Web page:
Even if the Atlanta Symphony Orchestra was not preparing this weekend’s program for Carnegie Hall, last night’s concert in Symphony Hall would have felt like one of the major events of the city’s classical season.
The ASO and Chorus performed an energized and extroverted program that involved some of the most interesting music heard in a long while. During the “Credo” movement of Janáček’s “Glagolitic Mass,” I thought I was hearing the most wildly creative piece of music in the world.
The concert was crafted to fit Carnegie’s Great American Orchestras subscription series as well as the limitations of the Carnegie stage, which is smaller than Symphony Hall’s. (In Atlanta, 185 choristers sing the Janáček; only 170 will perform it in New York.) Likewise, the concert’s opening work was switched earlier this week — no one had realized, according to the official statement from the ASO, that the choral risers on the Carnegie stage wouldn’t leave enough room for the huge orchestra required for György Ligeti’s “Atmosphères.” (Concert photos by Jeff Roffman.)
So conductor Robert Spano opted for Arvo Pärt’s “Fratres” (translated as “Brethren”). It was written in the Estonian composer’s miraculous year of 1977, when he found a mature style he calls “tintinnambuli,” evoking the tolling of bells, a spellbinding soundworld both medieval and modern.
Like Bach’s “Art of Fugue,” the instrumentation of “Fratres” isn’t specific. The ASO performed a 1991 version for string orchestra and percussion. The music is so deceptively “minimal” that it seems that nothing happens across its 11 minutes. At the start, a dry knock (claves and bass drum, played by Thomas Sherwood) cracks open the silence, and later it adds punctuation between sections. The notes A and E are droned continuously as a subterranean hum. A simple, chant-like melody, played over and over, begins quietly, then builds, then recedes back to silence. That’s the whole work. Yet the sense of ritual, of anguished emotion, of catharsis, is devastatingly effective.
The ASO moved from strength to strength. Bartók’s 1927 suite from his ballet “The Miraculous Mandarin” is music right down the center of Spano’s talent: hyper-intense, emotionally nebulous and requiring as much virtuosity from the conductor as from the instrumentalists. They gave it a white-hot performance, controlled, frenzied and with full understanding. The ballet’s story is voyeuristic and perhaps a little sadistic. A band of criminals forces a young girl to dance in a window, as a prostitute. The thugs rob the men she entices. Then a darkly allegorical figure, a Mandarin, appears. We hear it all in the music. Laura Ardan’s clarinet solos, depicting the pitiful girl’s dance, were loaded with sadness and humanity.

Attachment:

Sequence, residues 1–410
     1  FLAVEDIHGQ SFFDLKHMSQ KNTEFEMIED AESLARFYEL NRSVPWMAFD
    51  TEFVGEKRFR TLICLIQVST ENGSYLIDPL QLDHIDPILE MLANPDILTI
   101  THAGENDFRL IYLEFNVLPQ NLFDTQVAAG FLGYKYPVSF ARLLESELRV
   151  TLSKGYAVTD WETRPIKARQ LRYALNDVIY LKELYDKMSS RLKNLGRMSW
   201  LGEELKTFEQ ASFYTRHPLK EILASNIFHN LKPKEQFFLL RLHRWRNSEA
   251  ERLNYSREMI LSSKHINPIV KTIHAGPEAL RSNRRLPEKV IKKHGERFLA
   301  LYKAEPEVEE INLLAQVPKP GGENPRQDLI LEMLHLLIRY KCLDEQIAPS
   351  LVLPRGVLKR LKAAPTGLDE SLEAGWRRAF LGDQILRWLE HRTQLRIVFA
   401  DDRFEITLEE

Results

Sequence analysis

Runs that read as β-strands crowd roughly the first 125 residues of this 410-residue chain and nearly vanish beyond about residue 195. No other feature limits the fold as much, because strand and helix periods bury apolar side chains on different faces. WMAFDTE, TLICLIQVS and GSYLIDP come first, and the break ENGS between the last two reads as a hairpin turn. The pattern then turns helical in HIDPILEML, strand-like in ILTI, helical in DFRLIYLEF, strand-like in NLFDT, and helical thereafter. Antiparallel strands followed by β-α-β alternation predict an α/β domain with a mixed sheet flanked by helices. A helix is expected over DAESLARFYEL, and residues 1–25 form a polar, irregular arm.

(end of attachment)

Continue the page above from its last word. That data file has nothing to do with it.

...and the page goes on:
After intermission came the “Glagolitic Mass,” performed in Paul Wingfield’s scholarly edition of Janáček’s final, 1928 version of the score. (Spano made the decision to repeat the opening “Intrada” movement at the end, which conforms to the original score from 1927; there is still no ideal version.)
Janáček is a dazzlingly peculiar composer. He found his mature voice late in life, in his 50s and 60s. The Mass was composed for the 10th anniversary of Czechoslovak independence and in commemoration of the ninth-century Slav missionaries who brought Christianity to Moravia, which was Janáček’s native province (now part of the Czech Republic).
Janáček’s music draws strength and moral integrity, in part, by retaining its gritty and modal Moravian character — unlike, say, Dvorak, another Czech composer, who tended to regularize or “Germanize” his native folk sounds. (In this regard, Janáček’s aesthetic is akin to Mussorgsky’s and has been passed down today to Osvaldo Golijov, whose music often incorporates raw street sounds without smoothing it for polite consumption.)
On Thursday, the orchestra and chorus had it all completely digested. The violins sounded silkier than I’ve heard them in a while. Spano caught the off-balance, herky-jerky phrases — the rhythms of Old Church Slavic speech set to music — which are capped by those churning brass flourishes. At the opening of the “Gloria” section, with silvery-voiced soprano Twyla Robinson intoning “Slava vo vysnich Bogu” (“Glory to God in the highest”), the mood was springtime fresh, fragrant and more than a little pantheistic, like the verdant euphoria that starts Janáček’s opera “The Cunning Little Vixen.” Totally intoxicating.
There’s a remarkable moment in the “Credo” where the composer’s ideas flow so fast and kick in with such innocent conviction that it feels like a long, wild ride. The tenor sings his beliefs — heldentenor John Mac Master, ringing like a trumpet — then the chorus offers a gentle “Veruju” (“I believe”), both earthy and gossamer, then the cellos sing a theme, picked up by the whole orchestra with a grinding rhythm that builds to — from out of nowhere — a jittery Gothic organ solo, played by Peter Marshall. (Pity about the tinny electronic instrument, since neither Symphony Hall nor Carnegie has a pipe organ.)
The other vocal soloists delivered handsomely. Bass Burak Bilgili had a small part and sang in rich, chocolaty tones. Monica Groop’s mezzo had copper shadings, and she phrased her lines gorgeously.
The stars of the show, as expected, were all grouped at the back of the stage. Prepared to uncompromisingly lofty standards by Norman Mackenzie, the ASO Chorus handled the Old Church Slavonic with ease, each syllable clear, every phrase focused and often delivered as naturally as speech.
There’s one more Atlanta performance of this unmissable show, on Saturday night. For the Carnegie performance October 30, one might bet the “Glagolitic” itself will get the most applause, with the ASO Chorus not far behind.